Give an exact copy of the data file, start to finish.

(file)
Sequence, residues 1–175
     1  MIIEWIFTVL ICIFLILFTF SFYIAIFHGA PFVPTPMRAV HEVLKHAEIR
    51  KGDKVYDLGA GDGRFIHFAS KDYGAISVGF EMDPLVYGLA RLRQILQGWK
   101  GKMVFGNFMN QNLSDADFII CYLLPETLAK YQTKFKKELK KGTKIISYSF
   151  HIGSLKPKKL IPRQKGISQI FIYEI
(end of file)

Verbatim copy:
Sequence, residues 1–175
     1  MIIEWIFTVL ICIFLILFTF SFYIAIFHGA PFVPTPMRAV HEVLKHAEIR
    51  KGDKVYDLGA GDGRFIHFAS KDYGAISVGF EMDPLVYGLA RLRQILQGWK
   101  GKMVFGNFMN QNLSDADFII CYLLPETLAK YQTKFKKELK KGTKIISYSF
   151  HIGSLKPKKL IPRQKGISQI FIYEI